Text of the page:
In this extract from the Samuel Johnson and Costa Prize winningH is for Hawk, Helen Macdonald introduces the art of ringing wild goshawks.
At dusk the Gloucestershire forest is dim and vaulted green. It feels like an underwater cathedral. We’ve walked deep into the trees. Now we’re standing by a thicket of light-deprived hazel. There’s the nest, the ringer says, pointing at a table-sized shadow of sticks high in a larch above us. Right, says Jimmie. Wiry and bearded, with a base-jumper’s adrenaline-wired demeanour, he pulls on a helmet, hauls out coils of rope and harnesses and clips. Then he loops the rope around the trunk and begins to climb. Distant summer thunder. A shadow tears itself from the trees: a zoescope silhouette of a female goshawk, flickering fast through the white gaps between the branches. Kew-kew-kew-kew she calls. I know, I whisper. We’re tense. We must work as fast as possible so the hawks can settle after we’re gone. Wild goshawks are breeding again in Britain after over a century of extinction and this forest is one of their strongholds. Fitting their chicks with British Trust for Ornithology numbered aluminium rings helps us study their population status. And that is why we are here.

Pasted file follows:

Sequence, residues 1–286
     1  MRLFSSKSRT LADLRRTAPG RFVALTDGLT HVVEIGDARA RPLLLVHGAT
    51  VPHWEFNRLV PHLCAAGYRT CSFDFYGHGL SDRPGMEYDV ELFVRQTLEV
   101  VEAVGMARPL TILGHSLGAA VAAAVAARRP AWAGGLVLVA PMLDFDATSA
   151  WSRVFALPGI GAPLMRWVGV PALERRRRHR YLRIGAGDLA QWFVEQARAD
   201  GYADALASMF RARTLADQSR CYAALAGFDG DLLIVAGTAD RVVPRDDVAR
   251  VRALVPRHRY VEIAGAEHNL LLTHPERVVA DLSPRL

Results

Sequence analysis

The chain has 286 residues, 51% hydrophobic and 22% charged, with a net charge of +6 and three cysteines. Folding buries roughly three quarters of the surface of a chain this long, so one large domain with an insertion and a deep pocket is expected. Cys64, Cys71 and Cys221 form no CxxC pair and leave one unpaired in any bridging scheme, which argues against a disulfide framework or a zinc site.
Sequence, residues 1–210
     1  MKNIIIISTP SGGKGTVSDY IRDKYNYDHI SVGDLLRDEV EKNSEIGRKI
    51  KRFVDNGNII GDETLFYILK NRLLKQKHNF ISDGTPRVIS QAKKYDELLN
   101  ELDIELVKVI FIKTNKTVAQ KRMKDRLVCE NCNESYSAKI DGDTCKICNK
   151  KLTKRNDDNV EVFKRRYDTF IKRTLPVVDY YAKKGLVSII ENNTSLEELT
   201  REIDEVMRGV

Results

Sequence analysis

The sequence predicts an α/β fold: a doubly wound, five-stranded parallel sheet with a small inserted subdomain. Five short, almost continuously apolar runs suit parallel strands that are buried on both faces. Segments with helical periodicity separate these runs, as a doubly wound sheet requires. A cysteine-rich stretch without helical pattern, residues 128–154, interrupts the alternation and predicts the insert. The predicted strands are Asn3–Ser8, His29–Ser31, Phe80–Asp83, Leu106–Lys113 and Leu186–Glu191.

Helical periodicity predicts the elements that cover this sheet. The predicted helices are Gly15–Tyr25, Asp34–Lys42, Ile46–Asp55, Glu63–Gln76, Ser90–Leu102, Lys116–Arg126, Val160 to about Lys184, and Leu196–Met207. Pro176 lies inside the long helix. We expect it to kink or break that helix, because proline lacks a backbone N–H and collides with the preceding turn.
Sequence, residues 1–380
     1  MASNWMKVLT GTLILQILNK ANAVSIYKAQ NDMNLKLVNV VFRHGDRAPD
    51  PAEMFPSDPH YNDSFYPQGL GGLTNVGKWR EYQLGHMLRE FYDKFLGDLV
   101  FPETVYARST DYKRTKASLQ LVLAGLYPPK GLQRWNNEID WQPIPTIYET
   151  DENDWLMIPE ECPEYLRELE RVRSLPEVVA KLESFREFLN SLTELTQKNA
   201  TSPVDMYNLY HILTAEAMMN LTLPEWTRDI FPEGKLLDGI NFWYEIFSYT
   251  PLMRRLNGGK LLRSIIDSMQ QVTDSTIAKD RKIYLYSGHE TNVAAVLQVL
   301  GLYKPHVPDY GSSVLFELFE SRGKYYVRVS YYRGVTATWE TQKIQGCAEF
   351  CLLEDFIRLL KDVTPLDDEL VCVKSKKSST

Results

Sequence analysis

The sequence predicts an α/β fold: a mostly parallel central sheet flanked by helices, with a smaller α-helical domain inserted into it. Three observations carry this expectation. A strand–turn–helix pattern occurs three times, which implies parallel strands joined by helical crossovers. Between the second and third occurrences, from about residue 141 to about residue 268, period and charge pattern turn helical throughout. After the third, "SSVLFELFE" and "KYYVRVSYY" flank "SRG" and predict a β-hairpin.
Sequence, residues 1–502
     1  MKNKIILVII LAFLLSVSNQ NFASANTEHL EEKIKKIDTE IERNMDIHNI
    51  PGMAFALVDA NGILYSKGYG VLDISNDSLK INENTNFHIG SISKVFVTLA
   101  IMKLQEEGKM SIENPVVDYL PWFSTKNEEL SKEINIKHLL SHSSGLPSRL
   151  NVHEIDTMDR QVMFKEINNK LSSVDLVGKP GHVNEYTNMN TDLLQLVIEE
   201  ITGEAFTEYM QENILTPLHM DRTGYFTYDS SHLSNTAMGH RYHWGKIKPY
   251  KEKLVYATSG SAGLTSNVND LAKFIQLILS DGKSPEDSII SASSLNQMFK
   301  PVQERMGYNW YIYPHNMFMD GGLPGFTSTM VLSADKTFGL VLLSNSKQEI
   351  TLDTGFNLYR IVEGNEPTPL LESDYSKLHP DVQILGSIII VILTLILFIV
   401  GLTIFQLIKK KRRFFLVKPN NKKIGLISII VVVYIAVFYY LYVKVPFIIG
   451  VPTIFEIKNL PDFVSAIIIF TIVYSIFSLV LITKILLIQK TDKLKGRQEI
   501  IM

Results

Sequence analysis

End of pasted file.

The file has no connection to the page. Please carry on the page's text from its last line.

Jimmie has reached the nest. He waves. And soon a huge yellow bag is descending on a rope, three goshawk chicks inside. The ringer prepares himself, shakes out tools from a cotton bag onto the forest floor. A dog-eared notebook, pliers, shiny metal rings, calipers. He draws a chick from the bag, measures and weighs it, closes a ring around one leg. Then he hands it to me while he attends to another. Now I have a baby hawk in my hands. A light, fierce bundle of dense cotton wool and spiny new feathers. Its huge, taloned feet are too weak to grip. It’s very precious, very young, and very ancient. A miraculous tiny dinosaur. It doesn’t blink. Its eyes are stormcloud blue. There’s another burst of thunder: rain patters gently through the darkening canopy.
Ringing gives us scientific data to help preserve birds like these. But there’s more to this than science. As he works, the ringer’s face shines with care and love for these birds; like me, he feels a huge sense of privilege in handling Britain’s wildest and most elusive bird of prey. Five minutes later the chicks are all back in the nest, their mother has returned, and we are walking back to the car in the rain. Those chicks will probably never be held by human hands again. Might not even be seen again. But for a few minutes we’ve been allowed to touch the lives of creatures far wilder than ourselves, and none of us will ever forget it.
This piece was first featured on summerofpenguin.com, a month-long celebration of stories and ideas on the London Underground’s WIFI network in partnership with TFL and Virgin Media. So if you happen to be travelling by Tube this summer, be sure to read a story on us.